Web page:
In recent weeks, Seattle’s leaders have disdainfully shown they know how to exert their undue influence on local politics.

Mayor Ed Murray, in his first half-year in office, has already made several moves that have residents questioning his commitment to his constituents and his use of the city’s funds. His newly created Office of the Waterfront spent a wasteful $9,600 for a welcome sign: a 62-foot mural painted on the east side of the to-be-demolished Alaskan Way Viaduct, to draw people to the construction-impacted waterfront.

Then, after his Income Inequality Advisory Committee failed to meet its deadline for putting together a $15 minimum-wage proposal, Murray developed his own plan — a process committee member and business owner David Meinert called “a charade.” He accused Murray of presenting a plan that heavily favors labor, instead of one of consensus that the committee was developing.

In early June, news broke that Murray gave former mayoral opponent-turned-ally Peter Steinbrueck a $98,000, no-bid consulting contract with the Department of Planning and Development in March. Steinbrueck’s urban-planning résumé notwithstanding, Murray made no secret that he wanted him on the city’s payroll as a full-time staff member, but budget constraints prevented Murray from hiring him earlier this year.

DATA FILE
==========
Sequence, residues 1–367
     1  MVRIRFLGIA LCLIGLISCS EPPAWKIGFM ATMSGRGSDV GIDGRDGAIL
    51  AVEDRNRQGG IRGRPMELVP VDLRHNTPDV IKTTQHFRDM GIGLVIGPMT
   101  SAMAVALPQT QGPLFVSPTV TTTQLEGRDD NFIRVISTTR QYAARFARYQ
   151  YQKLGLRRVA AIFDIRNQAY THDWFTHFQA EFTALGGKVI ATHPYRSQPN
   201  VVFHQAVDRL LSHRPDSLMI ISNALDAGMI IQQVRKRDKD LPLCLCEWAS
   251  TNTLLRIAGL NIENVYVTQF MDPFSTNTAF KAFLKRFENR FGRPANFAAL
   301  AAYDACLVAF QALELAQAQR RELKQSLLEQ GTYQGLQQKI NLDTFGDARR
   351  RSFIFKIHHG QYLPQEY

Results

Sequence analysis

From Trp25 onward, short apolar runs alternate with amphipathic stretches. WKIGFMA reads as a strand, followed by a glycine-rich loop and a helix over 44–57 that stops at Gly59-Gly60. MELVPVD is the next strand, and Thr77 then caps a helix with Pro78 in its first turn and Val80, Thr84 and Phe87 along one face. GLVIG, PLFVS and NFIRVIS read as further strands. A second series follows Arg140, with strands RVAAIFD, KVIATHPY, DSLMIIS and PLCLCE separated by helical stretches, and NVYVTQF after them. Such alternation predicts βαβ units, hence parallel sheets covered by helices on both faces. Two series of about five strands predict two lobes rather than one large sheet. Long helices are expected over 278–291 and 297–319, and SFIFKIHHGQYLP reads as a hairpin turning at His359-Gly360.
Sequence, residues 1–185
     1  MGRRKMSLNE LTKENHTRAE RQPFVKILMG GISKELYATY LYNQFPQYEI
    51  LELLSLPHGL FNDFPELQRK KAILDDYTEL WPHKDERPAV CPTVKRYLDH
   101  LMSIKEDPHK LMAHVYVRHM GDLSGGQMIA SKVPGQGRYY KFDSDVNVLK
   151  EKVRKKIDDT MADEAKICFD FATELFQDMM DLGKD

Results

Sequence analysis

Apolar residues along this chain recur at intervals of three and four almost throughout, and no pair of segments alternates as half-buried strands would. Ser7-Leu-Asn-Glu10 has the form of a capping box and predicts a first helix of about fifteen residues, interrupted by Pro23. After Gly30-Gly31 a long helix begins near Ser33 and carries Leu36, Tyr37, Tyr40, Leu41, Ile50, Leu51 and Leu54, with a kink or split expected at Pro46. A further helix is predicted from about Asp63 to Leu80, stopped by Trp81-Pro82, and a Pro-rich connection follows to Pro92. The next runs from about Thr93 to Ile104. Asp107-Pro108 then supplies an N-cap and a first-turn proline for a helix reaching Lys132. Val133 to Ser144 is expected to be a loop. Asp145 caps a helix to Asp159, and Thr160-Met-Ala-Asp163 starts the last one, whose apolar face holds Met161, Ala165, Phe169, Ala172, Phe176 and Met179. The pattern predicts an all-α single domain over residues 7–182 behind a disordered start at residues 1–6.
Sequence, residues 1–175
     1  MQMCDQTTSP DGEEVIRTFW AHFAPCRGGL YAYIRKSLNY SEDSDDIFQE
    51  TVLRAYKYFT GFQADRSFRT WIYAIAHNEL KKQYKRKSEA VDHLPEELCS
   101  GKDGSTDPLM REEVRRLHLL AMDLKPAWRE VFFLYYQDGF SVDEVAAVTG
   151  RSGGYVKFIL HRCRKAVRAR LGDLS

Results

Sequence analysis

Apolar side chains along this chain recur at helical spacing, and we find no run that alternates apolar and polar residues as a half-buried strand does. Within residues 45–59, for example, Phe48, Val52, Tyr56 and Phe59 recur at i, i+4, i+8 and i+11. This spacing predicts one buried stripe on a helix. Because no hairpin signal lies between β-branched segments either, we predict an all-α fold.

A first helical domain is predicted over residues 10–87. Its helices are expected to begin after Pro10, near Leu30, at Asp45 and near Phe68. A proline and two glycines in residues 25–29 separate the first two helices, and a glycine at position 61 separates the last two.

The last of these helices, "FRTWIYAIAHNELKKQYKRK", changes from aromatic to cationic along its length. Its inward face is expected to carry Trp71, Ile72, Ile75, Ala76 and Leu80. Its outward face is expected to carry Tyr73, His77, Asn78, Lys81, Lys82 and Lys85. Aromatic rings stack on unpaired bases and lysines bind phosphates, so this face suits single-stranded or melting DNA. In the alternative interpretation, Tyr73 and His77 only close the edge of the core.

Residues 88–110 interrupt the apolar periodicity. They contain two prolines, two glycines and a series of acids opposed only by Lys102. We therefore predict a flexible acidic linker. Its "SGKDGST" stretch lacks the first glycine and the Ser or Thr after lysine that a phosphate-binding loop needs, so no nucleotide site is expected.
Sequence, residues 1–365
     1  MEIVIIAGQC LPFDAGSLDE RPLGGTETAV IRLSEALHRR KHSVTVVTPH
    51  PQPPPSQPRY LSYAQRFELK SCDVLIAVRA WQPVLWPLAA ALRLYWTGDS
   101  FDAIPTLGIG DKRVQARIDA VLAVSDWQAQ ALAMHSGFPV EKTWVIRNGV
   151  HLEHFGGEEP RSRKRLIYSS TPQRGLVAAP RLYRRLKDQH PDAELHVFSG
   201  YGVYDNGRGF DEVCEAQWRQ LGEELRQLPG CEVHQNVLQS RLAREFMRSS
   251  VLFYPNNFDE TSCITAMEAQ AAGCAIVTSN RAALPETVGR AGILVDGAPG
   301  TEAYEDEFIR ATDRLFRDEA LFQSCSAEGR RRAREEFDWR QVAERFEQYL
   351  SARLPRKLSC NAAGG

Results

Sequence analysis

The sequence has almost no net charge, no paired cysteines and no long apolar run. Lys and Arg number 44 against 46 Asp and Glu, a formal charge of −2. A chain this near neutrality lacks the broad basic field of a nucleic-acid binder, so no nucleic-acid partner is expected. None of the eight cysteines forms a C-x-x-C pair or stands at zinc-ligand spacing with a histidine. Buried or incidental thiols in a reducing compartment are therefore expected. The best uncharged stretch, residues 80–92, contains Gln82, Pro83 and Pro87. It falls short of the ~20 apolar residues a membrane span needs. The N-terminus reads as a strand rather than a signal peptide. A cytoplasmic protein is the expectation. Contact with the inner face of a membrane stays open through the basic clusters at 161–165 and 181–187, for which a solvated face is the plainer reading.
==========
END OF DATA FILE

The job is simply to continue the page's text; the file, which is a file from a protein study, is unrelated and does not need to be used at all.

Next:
This was immediately followed by the City Council’s approval to give the city’s highest-paid employee, City Light CEO Jorge Carrasco, a pay raise of up to $120,000, payable by utility customers. Murray requested it be retroactive to the start of the year; the council opted for July 1. This clearly contradicts their urgency to lessen the pay gap between workers and executives like Carrasco.

And then City Light tried to mask the expected bad publicity by paying $17,500 to “a network of influential bloggers” to write positive, online content about Carrasco and the agency — this news itself ironically outranked their feel-good stories in online searches.

King County Executive Dow Constantine then vetoed a plan by County Councilmember Rod Dembowski, who had raised Constantine’s ire by proposing the adoption of a budget first and setting Metro Transit service levels accordingly. His plan could have deemed the transit cuts promised for 2015 as unnecessary.

And the Seattle School Board voted 4-3 to spend $3 million on a math textbook that its advisory committee voted against and is nearly twice as expensive as the one the group selected.

Maybe that’s why disaffected Seattle Public Schools Superintendent José Banda is so eager to leave for a position in Sacramento after only two years: He needs to get out before he gets too entrenched in Seattle’s political thinking.